BoxFuture vs impl Future & lifetime

Compiling the following code (playground fails:

use std::future::Future;
use std::pin::Pin;

pub type BoxFuture<'a, T> = Pin<Box<dyn Future<Output = T> + Send + 'a>>;

struct A;

trait I {
    fn foo(&self, a: &A) -> BoxFuture<'static, ()>;
    fn bar(&self, a: &A) -> impl 'static + Future<Output = ()> + Send;

impl I for () {
    fn foo(&self, _a: &A) -> BoxFuture<'static, ()> {
        Box::pin(async move {})

    fn bar(&self, _a: &A) -> impl 'static + Future<Output = ()> + Send {
        async move {}

fn baz<F, FR>(_f: F)
    F: Fn(&A) -> FR,
    FR: 'static + Future<Output = ()> + Send,

fn main() {
    baz(|a| ().foo(a)); //OK
    baz(|a| ().bar(a)); //lifetime error

It gives the error:

error: lifetime may not live long enough
  --> src/
33 |     baz(|a| ().bar(a));
   |          -- ^^^^^^^^^ returning this value requires that `'1` must outlive `'2`
   |          ||
   |          |return type of closure `impl Future<Output = ()> + Send + 'static` contains a lifetime `'2`
   |          has type `&'1 A`

which does't make sense to me, since both foo() and bar() have 'static return types.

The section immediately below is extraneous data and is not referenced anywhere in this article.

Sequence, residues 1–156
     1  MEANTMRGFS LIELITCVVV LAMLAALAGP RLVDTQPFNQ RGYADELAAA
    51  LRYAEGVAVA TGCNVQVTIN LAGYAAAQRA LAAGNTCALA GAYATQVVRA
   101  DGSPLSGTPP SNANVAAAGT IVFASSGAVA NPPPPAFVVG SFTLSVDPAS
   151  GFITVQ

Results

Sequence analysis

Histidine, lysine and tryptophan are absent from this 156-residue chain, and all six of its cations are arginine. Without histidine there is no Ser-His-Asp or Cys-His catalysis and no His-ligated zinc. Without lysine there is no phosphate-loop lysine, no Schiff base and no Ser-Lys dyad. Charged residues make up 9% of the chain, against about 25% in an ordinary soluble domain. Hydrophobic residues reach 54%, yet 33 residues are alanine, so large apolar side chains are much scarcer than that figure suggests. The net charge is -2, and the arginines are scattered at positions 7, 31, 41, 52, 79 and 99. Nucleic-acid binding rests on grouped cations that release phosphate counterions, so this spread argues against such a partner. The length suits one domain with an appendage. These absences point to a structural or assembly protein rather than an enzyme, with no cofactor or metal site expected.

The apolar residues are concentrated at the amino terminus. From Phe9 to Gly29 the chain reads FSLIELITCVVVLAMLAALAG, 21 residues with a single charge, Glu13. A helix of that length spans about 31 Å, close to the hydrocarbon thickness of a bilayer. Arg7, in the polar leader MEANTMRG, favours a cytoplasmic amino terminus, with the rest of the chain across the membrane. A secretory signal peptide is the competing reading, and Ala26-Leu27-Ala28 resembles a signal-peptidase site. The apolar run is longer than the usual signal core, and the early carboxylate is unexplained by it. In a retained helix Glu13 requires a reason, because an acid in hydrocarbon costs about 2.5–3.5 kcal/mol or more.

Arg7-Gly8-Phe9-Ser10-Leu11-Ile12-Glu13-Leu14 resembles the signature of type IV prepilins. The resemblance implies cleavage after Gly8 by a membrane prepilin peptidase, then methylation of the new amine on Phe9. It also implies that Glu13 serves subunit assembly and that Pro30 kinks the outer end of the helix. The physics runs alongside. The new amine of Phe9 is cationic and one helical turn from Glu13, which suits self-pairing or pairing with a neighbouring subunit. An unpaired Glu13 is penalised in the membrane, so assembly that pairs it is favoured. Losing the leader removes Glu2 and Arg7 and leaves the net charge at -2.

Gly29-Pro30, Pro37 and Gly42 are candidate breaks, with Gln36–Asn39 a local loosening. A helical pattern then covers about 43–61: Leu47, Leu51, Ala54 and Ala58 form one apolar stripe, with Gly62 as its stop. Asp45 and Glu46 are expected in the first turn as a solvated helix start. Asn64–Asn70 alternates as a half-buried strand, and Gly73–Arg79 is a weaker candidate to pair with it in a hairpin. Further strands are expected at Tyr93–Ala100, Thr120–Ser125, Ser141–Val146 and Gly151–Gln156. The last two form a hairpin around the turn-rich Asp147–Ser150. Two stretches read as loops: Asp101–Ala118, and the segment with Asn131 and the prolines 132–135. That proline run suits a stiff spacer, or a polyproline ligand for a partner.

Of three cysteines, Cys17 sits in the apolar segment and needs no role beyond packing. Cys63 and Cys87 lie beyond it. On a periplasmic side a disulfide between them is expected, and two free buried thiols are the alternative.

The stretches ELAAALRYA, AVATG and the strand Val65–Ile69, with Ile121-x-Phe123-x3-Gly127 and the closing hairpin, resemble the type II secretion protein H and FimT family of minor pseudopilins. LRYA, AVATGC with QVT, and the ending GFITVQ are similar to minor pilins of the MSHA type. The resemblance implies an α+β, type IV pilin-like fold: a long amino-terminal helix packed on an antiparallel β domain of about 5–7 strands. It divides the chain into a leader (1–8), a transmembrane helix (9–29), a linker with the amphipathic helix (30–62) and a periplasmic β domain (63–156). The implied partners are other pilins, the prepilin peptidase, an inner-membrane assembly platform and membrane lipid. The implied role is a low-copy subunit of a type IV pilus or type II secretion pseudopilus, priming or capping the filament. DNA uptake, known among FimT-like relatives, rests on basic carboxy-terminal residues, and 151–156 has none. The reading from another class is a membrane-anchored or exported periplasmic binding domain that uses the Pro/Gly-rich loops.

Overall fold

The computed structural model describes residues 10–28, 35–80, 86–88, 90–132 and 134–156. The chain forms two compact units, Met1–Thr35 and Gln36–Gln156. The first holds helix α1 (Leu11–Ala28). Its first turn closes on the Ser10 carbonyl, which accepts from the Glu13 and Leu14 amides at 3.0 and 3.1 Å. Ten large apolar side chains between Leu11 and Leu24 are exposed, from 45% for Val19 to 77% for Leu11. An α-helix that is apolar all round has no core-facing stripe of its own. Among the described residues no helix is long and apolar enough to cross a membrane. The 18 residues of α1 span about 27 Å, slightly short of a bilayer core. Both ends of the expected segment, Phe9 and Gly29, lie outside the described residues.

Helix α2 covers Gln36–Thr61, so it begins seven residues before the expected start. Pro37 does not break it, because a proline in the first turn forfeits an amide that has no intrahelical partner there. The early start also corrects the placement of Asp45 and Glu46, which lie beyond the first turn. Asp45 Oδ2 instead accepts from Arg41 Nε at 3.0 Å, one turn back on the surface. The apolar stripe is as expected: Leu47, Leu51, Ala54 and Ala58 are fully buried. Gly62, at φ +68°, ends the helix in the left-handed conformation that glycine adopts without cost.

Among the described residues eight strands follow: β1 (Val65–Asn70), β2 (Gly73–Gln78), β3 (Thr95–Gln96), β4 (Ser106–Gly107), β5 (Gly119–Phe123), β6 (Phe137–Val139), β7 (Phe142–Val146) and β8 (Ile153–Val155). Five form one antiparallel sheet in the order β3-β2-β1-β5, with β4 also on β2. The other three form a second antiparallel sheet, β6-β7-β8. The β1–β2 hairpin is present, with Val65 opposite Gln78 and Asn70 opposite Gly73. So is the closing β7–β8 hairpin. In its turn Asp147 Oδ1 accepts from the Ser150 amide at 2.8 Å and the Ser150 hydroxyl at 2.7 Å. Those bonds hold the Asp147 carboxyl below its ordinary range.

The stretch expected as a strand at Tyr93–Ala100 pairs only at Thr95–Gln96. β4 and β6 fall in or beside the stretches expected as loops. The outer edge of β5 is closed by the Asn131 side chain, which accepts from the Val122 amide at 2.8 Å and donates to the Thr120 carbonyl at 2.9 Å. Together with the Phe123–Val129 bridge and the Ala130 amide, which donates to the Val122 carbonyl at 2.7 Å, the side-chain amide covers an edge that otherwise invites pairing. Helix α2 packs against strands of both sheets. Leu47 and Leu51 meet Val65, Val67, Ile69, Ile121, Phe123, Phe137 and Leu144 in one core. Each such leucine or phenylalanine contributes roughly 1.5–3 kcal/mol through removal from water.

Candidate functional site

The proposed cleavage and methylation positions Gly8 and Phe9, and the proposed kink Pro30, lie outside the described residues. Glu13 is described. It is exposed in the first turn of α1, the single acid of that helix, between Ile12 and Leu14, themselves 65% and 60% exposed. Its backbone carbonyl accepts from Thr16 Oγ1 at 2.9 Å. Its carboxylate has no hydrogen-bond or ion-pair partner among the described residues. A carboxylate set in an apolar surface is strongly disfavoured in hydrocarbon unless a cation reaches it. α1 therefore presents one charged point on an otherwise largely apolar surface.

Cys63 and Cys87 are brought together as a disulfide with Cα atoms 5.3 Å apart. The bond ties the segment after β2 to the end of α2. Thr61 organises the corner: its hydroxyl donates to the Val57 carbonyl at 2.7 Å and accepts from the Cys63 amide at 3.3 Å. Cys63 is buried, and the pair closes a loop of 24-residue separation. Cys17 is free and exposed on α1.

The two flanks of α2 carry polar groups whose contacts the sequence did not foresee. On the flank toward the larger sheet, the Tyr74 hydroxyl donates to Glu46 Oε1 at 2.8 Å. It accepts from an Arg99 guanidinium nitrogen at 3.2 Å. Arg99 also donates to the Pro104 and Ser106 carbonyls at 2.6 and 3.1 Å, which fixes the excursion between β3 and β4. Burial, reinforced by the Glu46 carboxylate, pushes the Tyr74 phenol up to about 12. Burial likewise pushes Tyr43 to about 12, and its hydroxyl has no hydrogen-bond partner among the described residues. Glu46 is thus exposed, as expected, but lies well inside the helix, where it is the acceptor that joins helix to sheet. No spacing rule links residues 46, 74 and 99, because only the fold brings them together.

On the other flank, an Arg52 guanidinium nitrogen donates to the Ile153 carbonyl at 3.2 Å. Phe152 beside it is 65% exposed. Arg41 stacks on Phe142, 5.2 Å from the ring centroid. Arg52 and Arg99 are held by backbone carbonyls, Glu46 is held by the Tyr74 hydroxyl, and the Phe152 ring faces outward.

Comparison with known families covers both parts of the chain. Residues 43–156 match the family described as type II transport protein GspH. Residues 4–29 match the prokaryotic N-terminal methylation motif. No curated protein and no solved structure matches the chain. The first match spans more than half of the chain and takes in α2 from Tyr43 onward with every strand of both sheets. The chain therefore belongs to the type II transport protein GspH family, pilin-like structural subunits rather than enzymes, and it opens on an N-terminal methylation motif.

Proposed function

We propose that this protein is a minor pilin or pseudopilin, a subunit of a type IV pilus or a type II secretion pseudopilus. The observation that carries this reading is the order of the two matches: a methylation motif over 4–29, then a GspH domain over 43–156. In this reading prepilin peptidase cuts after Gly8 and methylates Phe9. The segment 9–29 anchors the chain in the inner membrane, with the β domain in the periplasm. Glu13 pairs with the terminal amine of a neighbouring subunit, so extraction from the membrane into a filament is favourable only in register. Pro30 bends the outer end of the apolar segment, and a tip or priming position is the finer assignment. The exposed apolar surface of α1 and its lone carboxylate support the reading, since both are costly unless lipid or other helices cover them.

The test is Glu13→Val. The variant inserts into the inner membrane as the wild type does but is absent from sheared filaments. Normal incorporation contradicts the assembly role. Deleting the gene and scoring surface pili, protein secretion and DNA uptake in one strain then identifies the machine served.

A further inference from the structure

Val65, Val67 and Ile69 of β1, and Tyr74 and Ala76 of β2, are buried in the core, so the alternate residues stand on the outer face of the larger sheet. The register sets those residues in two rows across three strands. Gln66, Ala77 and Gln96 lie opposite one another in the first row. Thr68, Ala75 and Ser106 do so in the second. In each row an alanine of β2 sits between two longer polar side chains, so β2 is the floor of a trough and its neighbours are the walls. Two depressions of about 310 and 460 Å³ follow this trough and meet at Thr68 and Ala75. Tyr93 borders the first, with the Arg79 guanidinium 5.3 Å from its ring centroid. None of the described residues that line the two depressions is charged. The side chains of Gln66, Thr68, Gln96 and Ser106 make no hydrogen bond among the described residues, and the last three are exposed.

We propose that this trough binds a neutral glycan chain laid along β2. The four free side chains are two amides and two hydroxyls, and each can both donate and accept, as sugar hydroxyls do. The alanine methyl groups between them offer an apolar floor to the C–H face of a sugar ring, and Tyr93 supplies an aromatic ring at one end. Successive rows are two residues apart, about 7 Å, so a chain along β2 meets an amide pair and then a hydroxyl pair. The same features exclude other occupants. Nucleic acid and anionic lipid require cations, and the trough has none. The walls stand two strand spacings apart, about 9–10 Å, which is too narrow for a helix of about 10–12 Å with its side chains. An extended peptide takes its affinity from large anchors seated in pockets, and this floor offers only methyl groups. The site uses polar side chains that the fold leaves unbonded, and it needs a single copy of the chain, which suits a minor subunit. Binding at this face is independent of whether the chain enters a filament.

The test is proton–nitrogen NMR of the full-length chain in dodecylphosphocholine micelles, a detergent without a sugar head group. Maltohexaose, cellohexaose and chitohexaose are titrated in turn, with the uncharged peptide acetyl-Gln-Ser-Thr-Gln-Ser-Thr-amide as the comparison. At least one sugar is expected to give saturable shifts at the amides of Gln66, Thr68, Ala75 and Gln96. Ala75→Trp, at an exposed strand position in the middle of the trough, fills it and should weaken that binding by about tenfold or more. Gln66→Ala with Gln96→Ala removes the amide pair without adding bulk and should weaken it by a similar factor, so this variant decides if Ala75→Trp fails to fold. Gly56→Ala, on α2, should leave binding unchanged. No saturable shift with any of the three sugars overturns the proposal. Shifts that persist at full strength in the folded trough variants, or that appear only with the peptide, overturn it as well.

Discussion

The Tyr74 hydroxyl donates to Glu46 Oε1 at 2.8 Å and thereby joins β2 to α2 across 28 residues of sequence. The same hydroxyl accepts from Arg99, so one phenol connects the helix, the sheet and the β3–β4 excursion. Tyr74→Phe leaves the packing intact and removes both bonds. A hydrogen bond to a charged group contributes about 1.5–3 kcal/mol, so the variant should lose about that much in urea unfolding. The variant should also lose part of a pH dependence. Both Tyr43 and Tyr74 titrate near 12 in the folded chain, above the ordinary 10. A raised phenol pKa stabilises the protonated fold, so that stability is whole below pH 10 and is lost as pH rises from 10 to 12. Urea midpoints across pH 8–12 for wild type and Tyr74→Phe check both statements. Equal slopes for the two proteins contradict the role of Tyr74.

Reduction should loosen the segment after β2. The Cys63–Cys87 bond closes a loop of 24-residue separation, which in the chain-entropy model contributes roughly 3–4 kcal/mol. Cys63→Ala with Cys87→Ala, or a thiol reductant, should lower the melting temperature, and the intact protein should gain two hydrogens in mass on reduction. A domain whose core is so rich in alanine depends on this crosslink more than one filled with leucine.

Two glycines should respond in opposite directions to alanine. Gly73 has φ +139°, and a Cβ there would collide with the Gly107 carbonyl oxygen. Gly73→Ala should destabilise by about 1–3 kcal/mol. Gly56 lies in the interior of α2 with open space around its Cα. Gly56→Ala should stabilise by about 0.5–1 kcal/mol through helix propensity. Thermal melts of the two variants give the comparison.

Does anyone have an explanation?

It's overcapturing in RPIT(IT). Solution by TAIT.
Also see full replies for this thread for more discussions/contexts that may help you.


Interesting, I've been having a similar issue these last few days, but with closures to be specific. I noticed if I gave it an fn item it worked, but didn't with a closure (both without boxing, and a lifetime different than 'static).

Do closures behave as if they have a RPIT return type that is always overcapturing? :thinking:

It's usually that the compiler has poor higher-ranked closure inference,[1] particularly around closures that are supposed to be higher-ranked on both input and output (i.e. take an input with any lifetime, and return something that captures that lifetime), which results in a case of undercapturing.

Closures don't directly have opaque ("RPIT") return types so far.

  1. and no good or complete way to override the inference ↩︎